Next election, I expect Erdogan and the AKP to try one more time to get enough parliamentary seats in order to change the constitution to a Presidential system.  If that happens, the AKP will most likely stay in power for a long time.  In a Presidential system, they should be able to field a candidate that would get most of the votes.

Next, we examine the results in-depth and then offer general advice for investors interested in Turkey.

The AKP gained seats in November based on two primary factors.  First, security became an issue in the minds of voters due to the violence in the South Eastern part of Turkey with PKK Kurdish rebels.  Having de facto control of the media, this allowed the AKP to taint the pro-Kurdish Party HDP as having ties to the PKK.  Second, the increased nationalism that resulted as a result of the violence and the suicide attack in Ankara swayed voters from the right-wing MHP party to vote for a stronger right-wing leader (Erdogan).  Perceptions of a badly managed coalition talks by the MHP leader also swayed voters to jump to the AK party.  In fact, the AKP took in the son of the founder from MHP in their bid to get more national voters.

If we look at the first chart below, the AKP gained 10 parliamentary seats in the four largest cities (Istanbul, Ankara, Izmir and Bursa).  In Instabul, which accounted for 7 gained seats,  these were at the expense of MHP (lost 3 seats from 10 to 7) and HDP (lost 4 seats from 11 to 7).  The two seats gained in Bursa were one seat each from MHP and HDP.  In Ankara, MHP lost one seat which went to AKP.  In contrast, CHP (the second party) gained two seats from MHP in Izmir. Thus, in the four largest cities, the AKP gained 5 seats from the tainted HDP and 5 seats from nationalistic voters of the MHP.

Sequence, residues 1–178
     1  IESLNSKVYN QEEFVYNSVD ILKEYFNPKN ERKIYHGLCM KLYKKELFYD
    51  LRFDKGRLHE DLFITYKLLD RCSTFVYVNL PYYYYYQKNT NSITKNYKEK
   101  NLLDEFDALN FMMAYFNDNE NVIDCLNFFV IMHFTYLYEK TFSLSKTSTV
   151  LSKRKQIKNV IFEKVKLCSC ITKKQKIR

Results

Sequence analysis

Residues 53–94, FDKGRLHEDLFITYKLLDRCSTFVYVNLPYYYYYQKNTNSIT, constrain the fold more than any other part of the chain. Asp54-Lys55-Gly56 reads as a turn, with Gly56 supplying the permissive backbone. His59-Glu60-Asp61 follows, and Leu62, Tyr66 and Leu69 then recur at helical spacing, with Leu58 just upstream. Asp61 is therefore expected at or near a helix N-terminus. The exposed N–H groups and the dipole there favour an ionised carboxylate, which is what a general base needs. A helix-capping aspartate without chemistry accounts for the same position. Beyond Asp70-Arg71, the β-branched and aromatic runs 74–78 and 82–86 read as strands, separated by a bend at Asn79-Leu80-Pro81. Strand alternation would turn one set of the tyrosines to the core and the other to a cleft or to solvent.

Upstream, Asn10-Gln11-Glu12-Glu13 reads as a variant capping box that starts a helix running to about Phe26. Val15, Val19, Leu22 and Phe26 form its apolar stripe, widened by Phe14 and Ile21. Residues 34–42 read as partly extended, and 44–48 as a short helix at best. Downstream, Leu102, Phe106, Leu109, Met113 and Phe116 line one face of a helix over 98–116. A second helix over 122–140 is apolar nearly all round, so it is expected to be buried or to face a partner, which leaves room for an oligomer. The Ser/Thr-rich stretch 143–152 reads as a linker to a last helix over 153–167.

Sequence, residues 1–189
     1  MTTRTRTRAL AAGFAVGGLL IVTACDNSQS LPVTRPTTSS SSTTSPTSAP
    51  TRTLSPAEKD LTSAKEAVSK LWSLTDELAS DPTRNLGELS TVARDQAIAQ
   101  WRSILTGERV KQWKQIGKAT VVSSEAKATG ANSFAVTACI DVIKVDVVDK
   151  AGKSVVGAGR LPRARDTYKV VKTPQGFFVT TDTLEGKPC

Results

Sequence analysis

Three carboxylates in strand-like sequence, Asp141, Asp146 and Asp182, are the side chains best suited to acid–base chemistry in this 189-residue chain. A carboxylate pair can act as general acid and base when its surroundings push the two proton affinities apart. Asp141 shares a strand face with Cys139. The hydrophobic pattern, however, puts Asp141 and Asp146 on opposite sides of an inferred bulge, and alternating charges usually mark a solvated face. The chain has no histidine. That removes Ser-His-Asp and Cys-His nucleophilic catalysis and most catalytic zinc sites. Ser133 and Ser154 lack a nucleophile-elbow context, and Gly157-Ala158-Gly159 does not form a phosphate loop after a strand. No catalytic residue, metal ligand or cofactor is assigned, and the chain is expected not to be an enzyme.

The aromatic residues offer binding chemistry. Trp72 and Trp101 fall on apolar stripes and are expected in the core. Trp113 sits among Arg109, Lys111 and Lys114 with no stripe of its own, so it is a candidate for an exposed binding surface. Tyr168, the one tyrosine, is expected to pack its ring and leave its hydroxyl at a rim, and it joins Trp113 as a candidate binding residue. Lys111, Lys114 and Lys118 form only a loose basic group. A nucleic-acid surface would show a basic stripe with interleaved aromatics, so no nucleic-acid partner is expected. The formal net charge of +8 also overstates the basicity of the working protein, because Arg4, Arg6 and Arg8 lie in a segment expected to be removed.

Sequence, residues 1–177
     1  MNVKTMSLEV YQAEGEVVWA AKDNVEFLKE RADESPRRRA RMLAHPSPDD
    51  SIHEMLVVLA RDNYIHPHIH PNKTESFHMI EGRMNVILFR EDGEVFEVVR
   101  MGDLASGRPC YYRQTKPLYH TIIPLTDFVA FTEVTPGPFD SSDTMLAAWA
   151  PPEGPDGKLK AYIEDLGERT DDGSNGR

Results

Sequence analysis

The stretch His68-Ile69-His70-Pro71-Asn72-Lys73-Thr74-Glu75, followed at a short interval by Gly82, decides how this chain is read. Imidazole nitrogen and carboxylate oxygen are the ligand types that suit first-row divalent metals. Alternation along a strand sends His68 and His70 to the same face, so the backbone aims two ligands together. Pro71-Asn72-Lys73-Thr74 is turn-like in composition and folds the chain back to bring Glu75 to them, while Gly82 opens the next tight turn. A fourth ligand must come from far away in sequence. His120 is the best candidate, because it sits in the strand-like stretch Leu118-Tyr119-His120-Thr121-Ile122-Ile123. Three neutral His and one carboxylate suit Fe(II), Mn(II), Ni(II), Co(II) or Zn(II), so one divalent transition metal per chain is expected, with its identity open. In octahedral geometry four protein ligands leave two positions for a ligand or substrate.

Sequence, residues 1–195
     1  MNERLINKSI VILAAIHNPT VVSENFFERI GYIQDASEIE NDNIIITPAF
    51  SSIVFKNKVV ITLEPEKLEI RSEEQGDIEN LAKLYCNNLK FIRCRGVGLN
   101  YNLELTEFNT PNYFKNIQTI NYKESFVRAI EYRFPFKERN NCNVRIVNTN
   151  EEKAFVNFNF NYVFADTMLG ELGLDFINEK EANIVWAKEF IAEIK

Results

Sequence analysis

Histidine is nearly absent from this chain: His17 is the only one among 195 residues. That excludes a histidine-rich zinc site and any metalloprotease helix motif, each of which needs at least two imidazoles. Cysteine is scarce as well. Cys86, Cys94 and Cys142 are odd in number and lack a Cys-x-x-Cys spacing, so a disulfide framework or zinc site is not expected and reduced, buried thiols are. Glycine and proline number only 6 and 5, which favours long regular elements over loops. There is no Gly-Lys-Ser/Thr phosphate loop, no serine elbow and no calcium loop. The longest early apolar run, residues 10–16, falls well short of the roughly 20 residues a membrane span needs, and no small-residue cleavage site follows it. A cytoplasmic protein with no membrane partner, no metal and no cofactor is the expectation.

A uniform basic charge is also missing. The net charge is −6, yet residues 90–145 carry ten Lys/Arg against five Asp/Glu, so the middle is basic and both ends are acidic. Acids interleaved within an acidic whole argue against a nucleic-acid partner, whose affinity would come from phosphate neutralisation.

The next four largest cities are on the second chart.  Technically, Konya would be on the list, but it is an AKP stronghold.  Diyabakir would replace Mersin, but for similar reasons (it is an HDP stronghold), I did not include it.

In fact, AKP gained one seat in Konya at the expense of MHP and one seat in Diyabakir at the expense of HDP.

AKP gained 1 seat in Adana mainly from the smaller parties, 2 seats in Gaziantep with 1 from MHP and 1 from HDP, 2 seats in Antalya mainly from the smaller parties and 1 seat in Mersin from MHP and HDP voters.  In Mersin, CHP also gained a seat at the expense of MHP and HDP.

In short, 8 seats were gained in total by AKP in the next six (6) largest cities.  Add the 10 seats gained in the four (4) largest cities and you get a difference of 18 seats for the AK Party.

This is the exact difference needed to form a single-party government.  The threshold was 276 seats.  In June 2015, AKP had 258 seats.  Thus, 258 seats plus 18 seats equals 276 seats.  The election was won in these 10 cities mostly at the expense of MHP (nationalism) and HDP (tainted association with PKK).

Investment Theme:  the Turkish Lira will get stronger and the stock market will rebound in the short term.  Medium to long-term will have some volatility and downturn in economy but if the AK Party can manage to take advantage of the delayed rise in rates in the US by the FED, it will limit the damage.  In short, Turkey is too important both geo-politically and for investment potential, thus I would view any dips as a buying opportunity.



Turkish Election: 4 Largest Cities

Turkish Election: Key Southern Cities